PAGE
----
The problem is not that we as a species are in possession of these two sets of conflicting faculties, intuition and cognition, but that after a thousand human generations we have yet to reconcile them.
So here on the sports page, that means we repeatedly fail to integrate evidence with empathy, or temper numbers with guts, or leaven science with superstition. And we hedge these failures by staking out positions of convenience rather than conviction.
Thus it becomes the bedrock premise of bad sports writing -- both old-skool and new -- to mock what we do not understand, and to condemn what we cannot ourselves embrace. To question decisions we have no stake in, and to second-guess everything except ourselves.
(Which over the last few decades has led us away from actual insight, and toward inert, empty spectacle and the creation of more precise new sporting statistics with which to obscure the nature of the games we play and to better misunderstand one another. And more broadly has led us also into Iraq and Afghanistan and crippling debt, but that's another column.)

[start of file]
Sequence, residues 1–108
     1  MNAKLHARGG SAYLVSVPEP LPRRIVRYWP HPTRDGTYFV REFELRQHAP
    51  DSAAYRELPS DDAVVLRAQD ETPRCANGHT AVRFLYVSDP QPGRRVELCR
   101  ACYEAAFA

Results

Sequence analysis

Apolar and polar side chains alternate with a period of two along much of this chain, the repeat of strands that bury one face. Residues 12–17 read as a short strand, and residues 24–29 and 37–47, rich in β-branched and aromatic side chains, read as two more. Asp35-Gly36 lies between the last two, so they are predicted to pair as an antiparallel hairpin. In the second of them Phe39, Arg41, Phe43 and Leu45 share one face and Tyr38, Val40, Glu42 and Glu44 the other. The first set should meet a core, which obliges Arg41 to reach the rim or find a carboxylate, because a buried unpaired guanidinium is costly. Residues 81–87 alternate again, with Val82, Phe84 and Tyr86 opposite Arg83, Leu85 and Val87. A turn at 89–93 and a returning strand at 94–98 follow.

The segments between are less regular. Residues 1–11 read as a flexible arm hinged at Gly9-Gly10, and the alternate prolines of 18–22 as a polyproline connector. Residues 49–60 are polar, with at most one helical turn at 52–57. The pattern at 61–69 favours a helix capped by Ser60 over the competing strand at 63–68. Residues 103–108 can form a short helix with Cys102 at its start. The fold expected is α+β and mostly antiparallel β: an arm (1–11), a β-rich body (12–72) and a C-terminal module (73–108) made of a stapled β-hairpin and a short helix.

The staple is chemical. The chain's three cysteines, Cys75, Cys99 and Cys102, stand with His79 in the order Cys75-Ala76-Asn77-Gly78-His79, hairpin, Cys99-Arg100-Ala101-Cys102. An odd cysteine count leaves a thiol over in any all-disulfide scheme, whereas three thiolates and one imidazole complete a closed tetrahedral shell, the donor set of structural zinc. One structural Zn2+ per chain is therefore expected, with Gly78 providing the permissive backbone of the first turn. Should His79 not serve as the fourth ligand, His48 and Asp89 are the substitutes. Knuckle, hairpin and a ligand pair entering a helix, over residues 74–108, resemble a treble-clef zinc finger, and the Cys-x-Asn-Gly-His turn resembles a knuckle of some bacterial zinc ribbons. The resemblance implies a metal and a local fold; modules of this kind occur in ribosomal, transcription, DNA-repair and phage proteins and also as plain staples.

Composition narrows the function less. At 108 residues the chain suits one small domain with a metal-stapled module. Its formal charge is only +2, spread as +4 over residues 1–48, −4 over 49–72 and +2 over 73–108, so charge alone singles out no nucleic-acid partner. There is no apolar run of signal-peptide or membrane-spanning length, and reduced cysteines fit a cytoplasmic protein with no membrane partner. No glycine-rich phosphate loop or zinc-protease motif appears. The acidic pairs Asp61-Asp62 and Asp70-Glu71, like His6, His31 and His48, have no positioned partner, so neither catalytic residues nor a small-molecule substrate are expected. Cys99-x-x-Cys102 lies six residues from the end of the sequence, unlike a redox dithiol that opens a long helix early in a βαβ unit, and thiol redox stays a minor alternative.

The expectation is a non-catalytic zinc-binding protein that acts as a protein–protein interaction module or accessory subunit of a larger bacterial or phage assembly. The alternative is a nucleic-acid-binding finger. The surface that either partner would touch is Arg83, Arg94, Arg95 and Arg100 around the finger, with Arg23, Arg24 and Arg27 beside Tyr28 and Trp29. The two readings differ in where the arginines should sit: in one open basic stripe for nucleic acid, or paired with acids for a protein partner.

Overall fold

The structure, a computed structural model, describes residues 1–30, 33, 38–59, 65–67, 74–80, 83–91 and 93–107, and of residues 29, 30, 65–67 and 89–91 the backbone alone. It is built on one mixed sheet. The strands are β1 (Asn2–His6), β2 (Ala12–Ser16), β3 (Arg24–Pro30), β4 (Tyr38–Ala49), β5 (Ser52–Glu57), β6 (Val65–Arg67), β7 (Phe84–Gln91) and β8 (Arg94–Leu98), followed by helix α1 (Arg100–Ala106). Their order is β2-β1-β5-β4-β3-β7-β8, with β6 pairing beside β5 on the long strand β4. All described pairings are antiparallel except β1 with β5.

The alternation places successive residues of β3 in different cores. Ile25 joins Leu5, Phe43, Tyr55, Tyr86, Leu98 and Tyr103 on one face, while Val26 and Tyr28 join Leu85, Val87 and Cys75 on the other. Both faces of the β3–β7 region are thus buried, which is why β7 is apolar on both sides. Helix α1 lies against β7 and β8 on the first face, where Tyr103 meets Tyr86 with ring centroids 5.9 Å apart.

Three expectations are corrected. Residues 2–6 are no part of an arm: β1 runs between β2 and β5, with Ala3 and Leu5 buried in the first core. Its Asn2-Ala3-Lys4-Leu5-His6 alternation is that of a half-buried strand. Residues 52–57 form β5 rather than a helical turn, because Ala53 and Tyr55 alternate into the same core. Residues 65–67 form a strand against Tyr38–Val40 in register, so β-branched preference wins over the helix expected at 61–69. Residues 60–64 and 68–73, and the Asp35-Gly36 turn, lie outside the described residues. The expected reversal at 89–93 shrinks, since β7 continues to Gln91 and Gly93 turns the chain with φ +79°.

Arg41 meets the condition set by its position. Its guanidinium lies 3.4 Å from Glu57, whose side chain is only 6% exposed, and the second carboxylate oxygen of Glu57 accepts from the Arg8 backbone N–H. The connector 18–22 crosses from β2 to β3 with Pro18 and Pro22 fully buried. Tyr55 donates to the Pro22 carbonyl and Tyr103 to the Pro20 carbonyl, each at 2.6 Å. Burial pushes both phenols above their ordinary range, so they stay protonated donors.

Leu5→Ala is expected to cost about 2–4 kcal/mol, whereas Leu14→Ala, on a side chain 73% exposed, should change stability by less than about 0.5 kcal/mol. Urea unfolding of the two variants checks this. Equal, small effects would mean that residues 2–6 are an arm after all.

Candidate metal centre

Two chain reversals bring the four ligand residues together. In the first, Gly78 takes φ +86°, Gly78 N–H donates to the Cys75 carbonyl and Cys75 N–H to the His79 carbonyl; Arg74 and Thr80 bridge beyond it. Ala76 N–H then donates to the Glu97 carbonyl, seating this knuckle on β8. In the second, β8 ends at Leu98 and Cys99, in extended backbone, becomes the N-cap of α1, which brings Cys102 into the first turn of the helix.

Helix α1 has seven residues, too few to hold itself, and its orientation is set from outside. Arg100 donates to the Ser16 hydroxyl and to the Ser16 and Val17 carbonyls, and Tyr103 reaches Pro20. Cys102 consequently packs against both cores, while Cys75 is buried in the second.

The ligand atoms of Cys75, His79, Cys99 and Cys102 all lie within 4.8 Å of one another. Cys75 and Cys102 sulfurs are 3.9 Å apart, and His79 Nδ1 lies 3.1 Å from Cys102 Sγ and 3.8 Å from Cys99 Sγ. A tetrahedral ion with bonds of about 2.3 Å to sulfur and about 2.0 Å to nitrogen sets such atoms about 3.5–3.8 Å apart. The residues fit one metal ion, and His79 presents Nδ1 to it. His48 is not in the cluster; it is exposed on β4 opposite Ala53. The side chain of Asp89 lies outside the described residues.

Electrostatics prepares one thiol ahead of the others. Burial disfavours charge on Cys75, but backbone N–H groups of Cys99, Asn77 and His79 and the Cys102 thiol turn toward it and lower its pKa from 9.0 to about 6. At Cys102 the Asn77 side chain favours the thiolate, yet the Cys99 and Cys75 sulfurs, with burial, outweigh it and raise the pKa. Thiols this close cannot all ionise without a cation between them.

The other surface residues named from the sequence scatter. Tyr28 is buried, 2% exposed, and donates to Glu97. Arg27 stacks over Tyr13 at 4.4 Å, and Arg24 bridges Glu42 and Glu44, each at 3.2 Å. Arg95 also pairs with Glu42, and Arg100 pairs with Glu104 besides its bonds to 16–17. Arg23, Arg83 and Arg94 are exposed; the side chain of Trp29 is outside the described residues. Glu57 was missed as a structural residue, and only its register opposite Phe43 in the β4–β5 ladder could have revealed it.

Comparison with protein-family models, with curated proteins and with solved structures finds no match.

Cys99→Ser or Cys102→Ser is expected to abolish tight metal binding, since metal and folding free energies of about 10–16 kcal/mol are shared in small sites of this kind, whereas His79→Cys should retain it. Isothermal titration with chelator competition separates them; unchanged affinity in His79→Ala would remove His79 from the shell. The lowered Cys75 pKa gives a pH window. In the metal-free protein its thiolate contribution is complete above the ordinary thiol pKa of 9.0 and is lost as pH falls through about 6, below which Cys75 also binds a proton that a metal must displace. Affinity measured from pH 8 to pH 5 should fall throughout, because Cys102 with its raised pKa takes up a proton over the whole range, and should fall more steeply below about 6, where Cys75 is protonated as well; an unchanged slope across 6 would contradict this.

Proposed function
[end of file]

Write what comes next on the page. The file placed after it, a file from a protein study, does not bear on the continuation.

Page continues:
To question decisions like the one Bill Belichick made that weekend -- and made again last weekend and will make again next weekend and hundreds of times every weekend thereafter until the day he retires -- is to admit a kind of childlike egocentrism about outcomes.
You need to win?
You can't afford to lose?
That's not about Bill Belichick.
That was never about Bill Belichick.
That's about you.
Jeff MacGregor is a senior writer for ESPN.com and ESPN The Magazine. Please continue to submit your answers to his question: "What Are Sports For?" You can e-mail him at email@example.com.